For surely the first time in England, a full day's Test cricket was played with the assistance of floodlights after a gloomy start to the morning. But in a thrilling final half-hour, the extra wattage was superfluous, as England's seamers electrified the game situation under the brightest sunshine of the day. It was Stuart Broad, a touch off-colour in the first innings, who sparked Pakistan's latest collapse with two wickets in three deliveries - a fizzing catch from Paul Collingwood at third slip and a somewhat fortuitous lbw against Azhar Ali, who really hasn't enjoyed his flirtation with UDRS in this contest. When James Anderson made it three in seven balls with another, less contentious lbw, the contest seemed over in all but name. Had it not been for Umar Gul's thrilling strokeplay in the first half-hour of the day, a three-day finish would surely have been in prospect.

Andrew Miller is UK editor of Cricinfo, Nagraj Gollapudi is assistant editor

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© ESPN Sports Media Ltd.

Posted by Ooops on (August 1, 2010, 11:44 GMT)

Get rid of both Akmals Big one for droping catches and the second one for hitting sixes in a test match without settling down

Posted by IAS2009 on (August 1, 2010, 11:20 GMT)

if ys are not coming back pakistan will loose all 4 matches with big margin, please get rid of Kamran Akmal, he does not score runs any more, i crucial top order drop catch every inning in a test match will not make up up for his 32.00 average, if one looks in to the drop catches and stumping vs his scores in any test match in the end it does not even count as match is lost, it embarrassing to see how top order play, if they are not sure about swinging balls try to leave them as many as they can untill they figure it out, they should not be in the team if they can not figure it out. Shame on PCB for the selections they did, the team bailed them out winning against Aussies against all odds. The team should have Ys and no Kamran Akamal, they might need to bring Ajmal as stock bowler, one can not leak 4 rpo in test match and don't take wickets.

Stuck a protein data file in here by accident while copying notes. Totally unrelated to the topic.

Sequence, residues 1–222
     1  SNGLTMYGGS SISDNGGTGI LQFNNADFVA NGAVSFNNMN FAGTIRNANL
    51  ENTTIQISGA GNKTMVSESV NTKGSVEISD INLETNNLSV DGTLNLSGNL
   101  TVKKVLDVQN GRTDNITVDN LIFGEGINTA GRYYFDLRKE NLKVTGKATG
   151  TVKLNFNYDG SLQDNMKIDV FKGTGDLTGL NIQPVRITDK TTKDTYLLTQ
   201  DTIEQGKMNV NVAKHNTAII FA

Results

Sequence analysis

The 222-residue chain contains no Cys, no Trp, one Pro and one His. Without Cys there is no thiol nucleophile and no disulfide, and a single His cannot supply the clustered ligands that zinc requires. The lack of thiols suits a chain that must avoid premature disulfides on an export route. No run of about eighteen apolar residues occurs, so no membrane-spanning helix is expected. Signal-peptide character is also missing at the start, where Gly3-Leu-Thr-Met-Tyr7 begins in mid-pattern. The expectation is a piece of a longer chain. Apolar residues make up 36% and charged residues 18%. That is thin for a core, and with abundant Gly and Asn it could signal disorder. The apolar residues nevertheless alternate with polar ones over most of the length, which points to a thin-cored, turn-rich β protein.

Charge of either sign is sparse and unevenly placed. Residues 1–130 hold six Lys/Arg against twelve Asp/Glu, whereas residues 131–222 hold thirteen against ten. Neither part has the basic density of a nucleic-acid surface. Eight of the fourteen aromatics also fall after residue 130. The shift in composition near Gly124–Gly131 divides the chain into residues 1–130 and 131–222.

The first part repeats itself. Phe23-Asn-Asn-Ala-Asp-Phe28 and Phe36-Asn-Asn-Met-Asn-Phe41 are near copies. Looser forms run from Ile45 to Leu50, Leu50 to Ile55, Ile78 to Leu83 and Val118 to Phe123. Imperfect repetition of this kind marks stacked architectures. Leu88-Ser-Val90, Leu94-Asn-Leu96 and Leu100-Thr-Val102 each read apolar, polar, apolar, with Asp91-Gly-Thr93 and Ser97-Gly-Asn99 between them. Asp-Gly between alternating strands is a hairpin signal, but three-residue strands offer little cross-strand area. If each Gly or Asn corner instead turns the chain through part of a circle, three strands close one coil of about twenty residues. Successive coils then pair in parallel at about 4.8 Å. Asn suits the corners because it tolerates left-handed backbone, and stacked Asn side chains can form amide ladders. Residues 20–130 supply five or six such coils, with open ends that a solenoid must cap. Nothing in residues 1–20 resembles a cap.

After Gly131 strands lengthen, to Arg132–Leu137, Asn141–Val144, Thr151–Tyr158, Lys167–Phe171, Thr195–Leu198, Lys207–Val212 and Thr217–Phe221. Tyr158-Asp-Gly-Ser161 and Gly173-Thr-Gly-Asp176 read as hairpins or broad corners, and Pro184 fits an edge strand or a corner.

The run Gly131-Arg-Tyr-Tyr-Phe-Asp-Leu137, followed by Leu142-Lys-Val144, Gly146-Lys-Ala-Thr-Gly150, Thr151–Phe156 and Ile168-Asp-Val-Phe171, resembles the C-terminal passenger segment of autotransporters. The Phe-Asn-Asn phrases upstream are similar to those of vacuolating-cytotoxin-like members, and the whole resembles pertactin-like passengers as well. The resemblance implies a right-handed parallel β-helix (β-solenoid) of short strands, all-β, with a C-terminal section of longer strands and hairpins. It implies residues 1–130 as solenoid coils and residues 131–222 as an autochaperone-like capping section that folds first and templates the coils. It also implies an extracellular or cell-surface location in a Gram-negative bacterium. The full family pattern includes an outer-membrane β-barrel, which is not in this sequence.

Posted by Shiw on (August 1, 2010, 9:16 GMT)

Lets just stop talking getting back Younis and Yousuf back to the team. They are just the liabilities to the team. They cannot change the game single handedly, besides they are past their prime. Just keep the current team (barring erring kamran) and just put the thoughts on players that they are playing THE TEST and not T20s. and hope for best. They are sure to prosper.

Posted by   on (August 1, 2010, 6:31 GMT)

This is the request of the whole nation to PCB and necessity of Pakistan cricket to bring back Muhammad Yousaf and Younus Khan to the national side not to see such a day again. I hope the PCB will think upon it and bring back the heroes of Pakistan.

Posted by aku08 on (August 1, 2010, 2:45 GMT)

Please get rid of Kamran Akmal. Dropping catches in test matches are just not acceptable. Also need to move Maiik to the one down position. Alot of pakistan cricket afcinados will disagree with my comment moving malik to one down and instead would want him dropped altogether but i would pick him over anyone cause his hands are safe as a house and he can bowl. Also bring in Yasir Hameed for Umer Amin. No need to bring the Ys back.They are past there prime and there is no gaurantee they will do any better then the current batsmen in overcast conditions.

Posted by mkhalilz on (July 31, 2010, 20:41 GMT)

now when every one knows KAMRANS normal service but PCB has yet to know this... SHAME on pcb for rubbish selectoins

Posted by ThKhan on (July 31, 2010, 20:18 GMT)


Posted by SettingSun on (July 31, 2010, 19:03 GMT)

Kamran Akmal is the worst international keeper I have ever seen. And it's not even as if they can say he warrants his place in the team because of his batting because he isn't scoring any runs.

Posted by khurramsch on (July 31, 2010, 18:44 GMT)

well written Add another in it Stupidness of the day or any other apropriate word like that for Salamn Butt for not giving bowl to his fast bowlers instead of malik & kaneria after tea when england 120-6

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Andrew Miller Andrew Miller was saved from a life of drudgery in the City when his car caught fire on the way to an interview. He took this as a sign and fled to Pakistan where he witnessed England's historic victory in the twilight at Karachi (or thought he did, at any rate - it was too dark to tell). He then joined Wisden Online in 2001, and soon graduated from put-upon photocopier to a writer with a penchant for comment and cricket on the subcontinent. In addition to Pakistan, he has covered England tours in Sri Lanka, Bangladesh, South Africa, Australia and New Zealand, as well as the World Cup in the Caribbean in 2007